Mesh is a synthetic graft used to augment surgical repair. Pelvic surgeons started incorporating the use of mesh to make repairs more durable. Unfortunately, using additional graft has risks for complications. In 2011, the FDA released a safety warning in regards to mesh use in pelvic surgery.
Not all mesh products are the same. Mesh is commonly used for stress urinary incontinence and pelvic organ prolapse. In prolapse, it may be used abdominally or vaginally. The use of mesh has been associated with the following adverse effects:
A risk of mesh exposure into the vagina
<2% risk for stress urinary incontinence procedures
4% risk if mesh introduced through the abdomen (robotically or laparoscopically)
10-15% risk if the mesh is placed through the vagina
New urinary symptoms – pain or difficulty urinary, leakage, urge symptoms, etc.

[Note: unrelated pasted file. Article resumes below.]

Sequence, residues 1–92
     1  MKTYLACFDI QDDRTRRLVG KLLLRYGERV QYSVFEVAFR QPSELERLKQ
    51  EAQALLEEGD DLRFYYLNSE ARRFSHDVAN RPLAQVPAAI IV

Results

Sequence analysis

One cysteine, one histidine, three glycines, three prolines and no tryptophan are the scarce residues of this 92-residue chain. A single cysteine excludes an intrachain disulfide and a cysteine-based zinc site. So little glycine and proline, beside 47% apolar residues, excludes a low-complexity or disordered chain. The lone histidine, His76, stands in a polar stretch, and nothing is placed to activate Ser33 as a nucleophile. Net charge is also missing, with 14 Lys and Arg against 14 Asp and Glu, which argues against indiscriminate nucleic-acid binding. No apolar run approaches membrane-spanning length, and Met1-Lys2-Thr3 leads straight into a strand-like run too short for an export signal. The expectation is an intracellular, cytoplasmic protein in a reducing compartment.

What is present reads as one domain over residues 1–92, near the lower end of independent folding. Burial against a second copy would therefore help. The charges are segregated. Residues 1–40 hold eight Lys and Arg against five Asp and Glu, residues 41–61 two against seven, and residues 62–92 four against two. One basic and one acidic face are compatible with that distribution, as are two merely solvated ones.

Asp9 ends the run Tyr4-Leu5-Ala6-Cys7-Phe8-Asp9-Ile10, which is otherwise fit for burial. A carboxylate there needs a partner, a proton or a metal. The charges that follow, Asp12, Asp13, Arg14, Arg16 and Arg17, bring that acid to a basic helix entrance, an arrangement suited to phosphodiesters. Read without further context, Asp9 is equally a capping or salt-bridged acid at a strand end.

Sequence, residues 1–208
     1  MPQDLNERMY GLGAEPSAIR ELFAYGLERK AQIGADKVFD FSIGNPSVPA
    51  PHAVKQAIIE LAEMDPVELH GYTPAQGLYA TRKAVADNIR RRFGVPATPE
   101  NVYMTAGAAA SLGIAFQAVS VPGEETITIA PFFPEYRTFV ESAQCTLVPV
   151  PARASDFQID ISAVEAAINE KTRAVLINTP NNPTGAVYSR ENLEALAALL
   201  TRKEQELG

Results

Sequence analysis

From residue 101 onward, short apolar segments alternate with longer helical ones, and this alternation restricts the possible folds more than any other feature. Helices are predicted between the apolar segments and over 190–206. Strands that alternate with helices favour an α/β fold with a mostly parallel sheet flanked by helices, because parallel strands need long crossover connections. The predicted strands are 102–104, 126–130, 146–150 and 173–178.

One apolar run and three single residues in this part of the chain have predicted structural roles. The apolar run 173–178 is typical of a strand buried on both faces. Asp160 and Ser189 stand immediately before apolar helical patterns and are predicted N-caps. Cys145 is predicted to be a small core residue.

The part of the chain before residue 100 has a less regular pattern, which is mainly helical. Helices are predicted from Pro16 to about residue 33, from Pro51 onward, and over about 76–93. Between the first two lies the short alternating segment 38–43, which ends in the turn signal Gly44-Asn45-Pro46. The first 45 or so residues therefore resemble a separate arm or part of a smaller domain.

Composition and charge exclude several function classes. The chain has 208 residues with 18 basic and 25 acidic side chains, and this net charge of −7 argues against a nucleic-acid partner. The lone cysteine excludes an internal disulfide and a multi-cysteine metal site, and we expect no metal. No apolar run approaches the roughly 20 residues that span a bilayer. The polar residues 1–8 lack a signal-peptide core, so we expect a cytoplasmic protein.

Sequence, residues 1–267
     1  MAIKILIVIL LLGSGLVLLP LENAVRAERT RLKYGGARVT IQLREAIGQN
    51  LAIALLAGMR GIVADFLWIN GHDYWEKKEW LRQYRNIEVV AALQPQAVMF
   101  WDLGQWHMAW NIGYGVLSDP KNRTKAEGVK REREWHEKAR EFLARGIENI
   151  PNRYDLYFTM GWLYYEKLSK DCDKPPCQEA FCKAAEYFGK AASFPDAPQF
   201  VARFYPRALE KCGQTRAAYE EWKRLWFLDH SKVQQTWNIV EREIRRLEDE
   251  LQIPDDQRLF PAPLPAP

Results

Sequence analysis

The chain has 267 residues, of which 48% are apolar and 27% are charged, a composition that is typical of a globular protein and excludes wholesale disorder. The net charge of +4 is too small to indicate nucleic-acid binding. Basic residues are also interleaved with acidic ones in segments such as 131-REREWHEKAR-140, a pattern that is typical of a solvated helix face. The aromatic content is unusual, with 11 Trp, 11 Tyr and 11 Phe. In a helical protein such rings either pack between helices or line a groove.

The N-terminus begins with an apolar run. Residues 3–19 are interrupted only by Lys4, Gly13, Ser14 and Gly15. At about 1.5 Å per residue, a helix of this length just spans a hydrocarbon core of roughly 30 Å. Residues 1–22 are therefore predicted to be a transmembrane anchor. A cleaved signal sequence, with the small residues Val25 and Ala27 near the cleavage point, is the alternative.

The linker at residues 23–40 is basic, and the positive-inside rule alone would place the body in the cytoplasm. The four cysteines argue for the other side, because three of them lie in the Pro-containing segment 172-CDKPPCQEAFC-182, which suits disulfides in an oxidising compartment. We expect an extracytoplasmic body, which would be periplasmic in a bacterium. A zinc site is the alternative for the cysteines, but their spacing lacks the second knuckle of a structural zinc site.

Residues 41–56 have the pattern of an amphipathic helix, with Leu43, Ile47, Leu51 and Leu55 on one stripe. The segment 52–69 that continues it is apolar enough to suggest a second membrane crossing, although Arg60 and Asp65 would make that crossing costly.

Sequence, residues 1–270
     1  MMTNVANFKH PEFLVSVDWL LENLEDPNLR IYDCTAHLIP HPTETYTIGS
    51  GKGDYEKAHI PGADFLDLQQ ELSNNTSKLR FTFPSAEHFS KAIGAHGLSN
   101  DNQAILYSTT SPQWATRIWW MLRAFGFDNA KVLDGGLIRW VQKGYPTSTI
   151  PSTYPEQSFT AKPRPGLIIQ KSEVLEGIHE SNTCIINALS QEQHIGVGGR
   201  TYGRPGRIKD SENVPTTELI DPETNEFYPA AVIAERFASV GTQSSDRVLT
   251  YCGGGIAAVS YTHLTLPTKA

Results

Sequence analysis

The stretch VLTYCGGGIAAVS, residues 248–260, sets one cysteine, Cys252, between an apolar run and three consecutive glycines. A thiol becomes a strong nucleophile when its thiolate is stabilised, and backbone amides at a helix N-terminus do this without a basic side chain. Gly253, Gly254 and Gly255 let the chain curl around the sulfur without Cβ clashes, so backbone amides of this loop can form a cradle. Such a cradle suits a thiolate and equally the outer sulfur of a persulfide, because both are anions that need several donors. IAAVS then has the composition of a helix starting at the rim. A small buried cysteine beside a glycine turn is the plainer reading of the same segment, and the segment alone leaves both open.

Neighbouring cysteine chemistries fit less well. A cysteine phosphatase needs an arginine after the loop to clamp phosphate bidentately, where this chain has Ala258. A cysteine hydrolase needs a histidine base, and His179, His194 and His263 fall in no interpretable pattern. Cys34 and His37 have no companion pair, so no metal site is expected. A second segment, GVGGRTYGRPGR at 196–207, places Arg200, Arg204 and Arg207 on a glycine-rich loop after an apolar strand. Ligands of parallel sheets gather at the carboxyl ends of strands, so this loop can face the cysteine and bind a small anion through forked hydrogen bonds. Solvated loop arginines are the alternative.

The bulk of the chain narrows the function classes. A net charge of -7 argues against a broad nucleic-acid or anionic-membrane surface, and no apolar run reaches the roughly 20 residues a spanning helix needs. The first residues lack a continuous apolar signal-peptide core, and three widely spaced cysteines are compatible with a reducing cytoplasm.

Recurrent prolapse requiring further surgery
Vaginal scarring, shrinkage, or narrowing causing pain
Damage to surrounding organ to include but not limited to bladder, bowel, blood vessels, and nerves
Pain with intercourse
A mesh exposure may be minor and managed effectively in the office or it may require surgery.
Scientific studies have shown that the benefits of the use of mesh may outweigh its risks in the following procedures:
Mesh sling for stress urinary incontinence.
Transabdominal mesh in sacrocolpopexy for pelvic organ prolapse
Transvaginal mesh in the anterior compartment for pelvic organ prolapse.
With advancing technology, lighter, less abrasive mesh continue to be developed.
WakeMed Urogynecology is committed to providing a balanced view of the use of surgical mesh, and giving patients options of surgery with or without the use of mesh. If you have suffered from a mesh complication, we will evaluate you and counsel you on therapeutic options.